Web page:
Locally monotone function is monotone

A function $f:\mathbb{R}\rightarrow\mathbb{R}$ is locally monotone at point $a$ iff there exists $\epsilon>0$ such that $f|_{]a-\epsilon;a+\epsilon[}$ is monotone ($x\ge y\Rightarrow f(x)\ge f(y)$ for all points $x$, $y$ of $]a-\epsilon;a+\epsilon[$).

Question If a function is locally monotone at all points of real line (or more generally an interval on real line), then it is monotone on the entire real line (or more generally, on this interval)?

If it does not hold for any intervals, does it hold for closed intervals?

• Yes, locally monotone implies monotone, basically because $\mathbb{R}$ is connected. Your job is to prove this, I presume :) – BrianO Oct 10 '15 at 19:36

1 Answer

Let $I$ be an order-convex subset of $\Bbb R$, and suppose that $f:I\to\Bbb R$ is locally monotone. For $a,b\in I$ write $a\sim b$ iff either $a\le b$ and $f$ is monotone on $[a,b]$, or $b<a$ and $f$ is monotone on $[b,a]$; $\sim$ is an equivalence relation on $I$. $I$ is connected, and it follows from the local monotonicity of $f$ that each $\sim$-equivalence class is open, so $I$ must be a $\sim$-class, and $f$ is monotone on $I$.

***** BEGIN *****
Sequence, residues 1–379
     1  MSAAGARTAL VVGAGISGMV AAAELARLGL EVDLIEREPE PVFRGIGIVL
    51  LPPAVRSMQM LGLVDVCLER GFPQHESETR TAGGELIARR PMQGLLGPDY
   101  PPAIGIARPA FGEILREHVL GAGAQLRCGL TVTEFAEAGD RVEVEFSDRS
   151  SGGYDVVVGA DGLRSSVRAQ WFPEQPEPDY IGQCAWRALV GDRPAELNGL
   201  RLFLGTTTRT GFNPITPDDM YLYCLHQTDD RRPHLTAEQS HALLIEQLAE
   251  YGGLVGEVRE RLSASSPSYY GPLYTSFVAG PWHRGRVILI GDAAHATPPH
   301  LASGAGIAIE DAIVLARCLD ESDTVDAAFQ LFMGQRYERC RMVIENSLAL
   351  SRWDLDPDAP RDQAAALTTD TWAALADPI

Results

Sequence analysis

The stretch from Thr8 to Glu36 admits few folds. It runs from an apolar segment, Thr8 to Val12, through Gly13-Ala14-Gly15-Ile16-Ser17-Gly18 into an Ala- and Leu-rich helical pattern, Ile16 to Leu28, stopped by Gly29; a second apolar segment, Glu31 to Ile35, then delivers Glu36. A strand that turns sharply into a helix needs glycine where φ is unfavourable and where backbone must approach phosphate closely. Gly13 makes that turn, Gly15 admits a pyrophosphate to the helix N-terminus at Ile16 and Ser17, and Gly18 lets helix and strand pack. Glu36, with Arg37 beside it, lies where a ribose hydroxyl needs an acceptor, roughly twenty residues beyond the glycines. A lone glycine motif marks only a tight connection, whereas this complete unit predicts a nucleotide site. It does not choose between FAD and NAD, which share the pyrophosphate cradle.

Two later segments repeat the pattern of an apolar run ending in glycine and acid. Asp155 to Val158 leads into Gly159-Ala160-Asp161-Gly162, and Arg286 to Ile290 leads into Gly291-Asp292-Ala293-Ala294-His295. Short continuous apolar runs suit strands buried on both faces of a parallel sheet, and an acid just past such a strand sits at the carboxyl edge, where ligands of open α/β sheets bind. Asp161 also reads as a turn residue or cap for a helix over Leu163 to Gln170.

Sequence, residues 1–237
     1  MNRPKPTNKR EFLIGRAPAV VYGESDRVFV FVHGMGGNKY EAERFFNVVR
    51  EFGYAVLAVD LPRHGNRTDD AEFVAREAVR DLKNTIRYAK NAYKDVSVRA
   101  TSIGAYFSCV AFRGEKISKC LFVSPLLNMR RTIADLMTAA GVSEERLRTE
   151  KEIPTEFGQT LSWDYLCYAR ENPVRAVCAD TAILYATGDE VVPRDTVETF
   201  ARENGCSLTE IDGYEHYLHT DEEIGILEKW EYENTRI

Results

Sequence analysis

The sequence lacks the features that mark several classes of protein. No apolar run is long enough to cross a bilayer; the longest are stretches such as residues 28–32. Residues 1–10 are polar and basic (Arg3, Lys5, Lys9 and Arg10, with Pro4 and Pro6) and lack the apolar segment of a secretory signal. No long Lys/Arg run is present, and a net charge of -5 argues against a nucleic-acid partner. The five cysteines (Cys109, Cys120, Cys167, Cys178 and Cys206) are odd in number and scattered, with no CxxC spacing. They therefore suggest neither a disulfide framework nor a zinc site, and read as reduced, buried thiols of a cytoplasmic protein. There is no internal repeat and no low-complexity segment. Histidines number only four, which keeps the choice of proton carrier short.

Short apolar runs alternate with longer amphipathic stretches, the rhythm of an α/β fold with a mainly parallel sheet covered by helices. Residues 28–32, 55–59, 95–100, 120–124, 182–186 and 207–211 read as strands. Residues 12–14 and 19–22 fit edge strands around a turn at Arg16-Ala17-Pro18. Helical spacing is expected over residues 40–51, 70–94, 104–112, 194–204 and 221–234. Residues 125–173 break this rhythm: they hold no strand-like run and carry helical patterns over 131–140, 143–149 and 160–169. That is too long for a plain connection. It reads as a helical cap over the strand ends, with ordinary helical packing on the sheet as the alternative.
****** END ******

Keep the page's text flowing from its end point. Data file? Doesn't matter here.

• It doesn't get much better -- anyway, it doesn't get more succinct! No pesky epsilons. Very nice. – BrianO Oct 10 '15 at 19:40
• I don't get why $I$ must be a $\sim$-class – porton Oct 10 '15 at 19:40
• @porton: If not, let $[a]$ be some $\sim$-class. Then $[a]$ and $I\setminus[a]$ are a partition of $I$ into open sets, contradicting the connectedness of $I$. – Brian M. Scott Oct 10 '15 at 19:42
• @porton If there were multiple $\sim$-eq classes, they would form an open partition of $I$; but $I$ is connected. – BrianO Oct 10 '15 at 19:42